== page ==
European Archives of Paediatric Dentistry

, Volume 19, Issue 5, pp 331–336 | Cite as

Upper cervical spine and craniofacial morphology in hypohidrotic ectodermal dysplasia

  • L. SonnesenEmail author
  • A. Jasemi
  • H. Gjørup
  • J. Daugaard-Jensen
Original Scientific Article



Morphological deviations in the upper cervical spine and craniofacial morphology in patients with X-linked hypohidrotic ectodermal dysplasia (XLHED) were compared to non-syndromic controls.


All children and adolescents with genetically verified XLHED, registered at the Resource Centres for Oral Health in Rare Diseases, who met the inclusion criteria, were included. The group thus comprised 15 XLHED patients (3 girls and 12 boys, aged 8–16 years, mean 11.2 years). The control group comprised 22 non-syndromic pre-orthodontic children (14 girls and 8 boys aged 9–16 years, mean 11.9 years) with agenesis of one tooth, neutral occlusion and normal craniofacial morphology. The craniofacial and upper spine morphology was analysed on lateral cephalograms by standard methods. Differences between XLHED patients and controls were tested and adjusted for age and gender by multiple regression analyses.


Morphological deviations in the upper spine occur significantly more often in XLHED patients compared to controls (60 vs. 9.1%; p < 0.01). The cranial base angle (n-s-ar, p < 0.05), sagittal jaw relationship (ss-n-pg, p < 0.001), maxillary inclination (NSL/NL, p < 0.001) and mandibular inclination (NSL/ML, p < 0.01) were significantly smaller in XLHED patients compared to controls. The mandibular prognathia (s-n-pg) was significantly larger in XLHED patients compared to controls (p < 0.05).


The upper spine and the craniofacial morphology were different in XLHED patients compared to controls. The results of this study may contribute to a further understanding of the craniofacial and spinal phenotypic spectrum in patients with XLHED and thus have implications for diagnosis and treatment planning of these patients.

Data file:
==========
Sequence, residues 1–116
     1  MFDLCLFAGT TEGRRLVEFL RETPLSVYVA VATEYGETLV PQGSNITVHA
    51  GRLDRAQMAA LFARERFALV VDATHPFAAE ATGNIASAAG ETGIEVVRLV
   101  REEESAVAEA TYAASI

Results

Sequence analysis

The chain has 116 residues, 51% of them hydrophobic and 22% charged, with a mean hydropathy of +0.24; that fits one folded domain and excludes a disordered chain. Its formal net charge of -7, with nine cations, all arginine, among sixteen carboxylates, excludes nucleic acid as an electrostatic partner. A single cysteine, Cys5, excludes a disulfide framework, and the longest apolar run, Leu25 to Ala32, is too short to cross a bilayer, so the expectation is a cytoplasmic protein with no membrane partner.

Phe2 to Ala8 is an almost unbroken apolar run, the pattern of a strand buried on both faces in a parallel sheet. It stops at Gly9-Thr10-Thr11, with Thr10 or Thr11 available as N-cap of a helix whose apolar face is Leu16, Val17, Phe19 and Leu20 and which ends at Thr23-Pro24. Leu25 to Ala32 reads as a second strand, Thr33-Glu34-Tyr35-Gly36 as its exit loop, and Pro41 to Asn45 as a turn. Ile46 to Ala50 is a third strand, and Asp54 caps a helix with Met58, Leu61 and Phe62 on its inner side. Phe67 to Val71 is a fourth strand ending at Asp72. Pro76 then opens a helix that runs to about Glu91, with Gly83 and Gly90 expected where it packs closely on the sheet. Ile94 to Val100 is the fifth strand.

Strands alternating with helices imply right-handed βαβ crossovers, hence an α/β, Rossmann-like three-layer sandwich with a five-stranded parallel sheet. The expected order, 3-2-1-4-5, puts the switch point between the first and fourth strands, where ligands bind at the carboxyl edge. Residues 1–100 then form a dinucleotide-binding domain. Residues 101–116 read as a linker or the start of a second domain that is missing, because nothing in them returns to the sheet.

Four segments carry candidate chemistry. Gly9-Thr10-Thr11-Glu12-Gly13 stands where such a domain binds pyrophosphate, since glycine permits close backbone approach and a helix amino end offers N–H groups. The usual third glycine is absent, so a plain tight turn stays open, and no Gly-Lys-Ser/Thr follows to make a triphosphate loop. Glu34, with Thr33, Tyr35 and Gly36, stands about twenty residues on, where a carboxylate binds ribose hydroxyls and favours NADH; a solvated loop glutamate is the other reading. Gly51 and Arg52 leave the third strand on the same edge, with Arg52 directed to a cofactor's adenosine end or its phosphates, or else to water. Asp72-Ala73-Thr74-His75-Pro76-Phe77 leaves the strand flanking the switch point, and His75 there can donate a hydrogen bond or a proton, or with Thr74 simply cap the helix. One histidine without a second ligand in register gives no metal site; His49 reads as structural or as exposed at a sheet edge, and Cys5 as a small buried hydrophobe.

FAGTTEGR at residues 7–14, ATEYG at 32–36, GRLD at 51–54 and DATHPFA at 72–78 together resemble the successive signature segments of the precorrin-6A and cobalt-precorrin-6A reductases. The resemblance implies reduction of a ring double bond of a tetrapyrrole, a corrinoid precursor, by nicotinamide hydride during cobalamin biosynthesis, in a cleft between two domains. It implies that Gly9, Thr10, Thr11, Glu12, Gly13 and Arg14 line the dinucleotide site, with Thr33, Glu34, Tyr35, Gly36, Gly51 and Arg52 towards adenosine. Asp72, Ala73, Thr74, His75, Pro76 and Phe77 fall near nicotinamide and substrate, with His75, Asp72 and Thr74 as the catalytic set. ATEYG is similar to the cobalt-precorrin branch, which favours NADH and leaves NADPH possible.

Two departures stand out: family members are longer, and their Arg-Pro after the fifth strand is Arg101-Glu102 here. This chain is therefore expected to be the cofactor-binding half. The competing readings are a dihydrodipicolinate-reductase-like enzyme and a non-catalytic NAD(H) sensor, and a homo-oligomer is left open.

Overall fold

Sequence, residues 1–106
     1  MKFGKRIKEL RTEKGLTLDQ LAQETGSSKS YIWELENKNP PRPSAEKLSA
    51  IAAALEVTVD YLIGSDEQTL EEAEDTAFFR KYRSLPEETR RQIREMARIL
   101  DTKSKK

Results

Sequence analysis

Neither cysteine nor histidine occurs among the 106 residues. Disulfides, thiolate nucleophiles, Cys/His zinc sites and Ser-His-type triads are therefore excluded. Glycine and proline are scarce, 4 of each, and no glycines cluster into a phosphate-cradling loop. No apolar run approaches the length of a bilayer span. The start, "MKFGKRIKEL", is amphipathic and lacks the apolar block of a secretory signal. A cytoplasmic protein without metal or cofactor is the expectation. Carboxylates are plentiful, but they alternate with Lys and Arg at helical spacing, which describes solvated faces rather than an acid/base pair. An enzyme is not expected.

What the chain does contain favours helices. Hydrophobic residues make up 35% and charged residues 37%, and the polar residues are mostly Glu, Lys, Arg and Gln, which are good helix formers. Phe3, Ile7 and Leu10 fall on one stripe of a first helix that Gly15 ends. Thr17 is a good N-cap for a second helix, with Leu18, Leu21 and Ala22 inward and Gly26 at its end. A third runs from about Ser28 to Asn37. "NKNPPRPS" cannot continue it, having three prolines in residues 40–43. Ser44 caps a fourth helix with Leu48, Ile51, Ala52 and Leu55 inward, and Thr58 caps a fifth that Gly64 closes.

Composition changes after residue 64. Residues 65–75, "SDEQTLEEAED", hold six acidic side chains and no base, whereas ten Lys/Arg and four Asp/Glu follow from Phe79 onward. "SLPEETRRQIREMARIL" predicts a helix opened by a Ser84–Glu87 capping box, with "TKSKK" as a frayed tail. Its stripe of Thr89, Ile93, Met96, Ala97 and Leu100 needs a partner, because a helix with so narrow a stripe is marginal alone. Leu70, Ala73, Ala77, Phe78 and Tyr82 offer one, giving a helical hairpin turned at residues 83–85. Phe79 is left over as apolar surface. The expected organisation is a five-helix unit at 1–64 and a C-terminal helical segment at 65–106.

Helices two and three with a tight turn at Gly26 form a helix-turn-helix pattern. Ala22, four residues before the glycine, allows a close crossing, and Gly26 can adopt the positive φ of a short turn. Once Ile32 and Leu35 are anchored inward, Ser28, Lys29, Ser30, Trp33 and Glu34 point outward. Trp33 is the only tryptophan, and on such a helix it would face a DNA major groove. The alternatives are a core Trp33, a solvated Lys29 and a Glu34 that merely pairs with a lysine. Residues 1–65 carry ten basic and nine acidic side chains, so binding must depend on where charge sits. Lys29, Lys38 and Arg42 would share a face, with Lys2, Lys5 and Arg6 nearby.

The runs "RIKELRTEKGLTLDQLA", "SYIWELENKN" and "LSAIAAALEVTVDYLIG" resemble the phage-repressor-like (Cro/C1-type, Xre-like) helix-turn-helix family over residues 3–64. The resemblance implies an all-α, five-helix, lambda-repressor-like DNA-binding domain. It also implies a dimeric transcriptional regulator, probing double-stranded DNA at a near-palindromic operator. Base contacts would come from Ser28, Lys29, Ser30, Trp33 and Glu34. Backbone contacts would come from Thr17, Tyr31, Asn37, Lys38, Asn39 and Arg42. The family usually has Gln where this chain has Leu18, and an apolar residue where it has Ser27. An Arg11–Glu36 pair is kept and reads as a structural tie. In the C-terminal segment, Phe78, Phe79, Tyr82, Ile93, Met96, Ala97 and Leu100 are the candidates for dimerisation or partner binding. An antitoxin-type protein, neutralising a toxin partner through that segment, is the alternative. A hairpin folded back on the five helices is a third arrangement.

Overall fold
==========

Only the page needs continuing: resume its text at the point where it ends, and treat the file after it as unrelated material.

Hypohidrotic ectodermal dysplasia Cervical vertebrae Child Craniofacial abnormalities Spinal column Notochord 



The Orthodontic clinic of the Municipal dental Service of Farum, Denmark is thanked for donating the material to the Department. Ib Jarle Christensen, Senior researcher, Department of Gastroenterology, Hvidovre Hospital, Denmark, is acknowledged for statistical advice. Jens Bjørn-Jørgensen is thanked for guidance regarding the use of TIOPS. Copenhagen University Research Foundation (21-12-2012) is acknowledged for funding.


This study was funded by Copenhagen University Research Foundation (21-12-2012).

Compliance with ethical standards

Conflict of interest

The authors declare that they have no conflict of interest.

Ethical approval

All procedures performed in studies involving human participants were in accordance with the ethical standards of the institutional and/or national research committee and with the 1964 Helsinki declaration and its later amendments or comparable ethical standards. For this retrospective study formal consent is not required.

Informed consent

This is a retrospective study where historical radiographs form part of this study. Informed consent for obtaining the radiographs was given at the time when the radiographs were taken. The radiographs were taken in connection with treatment planning.


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Copyright information

© European Academy of Paediatric Dentistry 2018

Authors and Affiliations

  • L. Sonnesen
    • 1
    Email author
  • A. Jasemi
    • 1
  • H. Gjørup
    • 2
  • J. Daugaard-Jensen
    • 3
  1. 1.Orthodontics, Department of Odontology, Faculty of Health and Medical SciencesUniversity of CopenhagenCopenhagen NDenmark
  2. 2.Centre for Oral Health in Rare Diseases, Department of Maxillofacial SurgeryUniversity HospitalAarhus CDenmark
  3. 3.Centre for Oral Health in Rare DiseasesUniversity Hospital of CopenhagenCopenhagen ØDenmark

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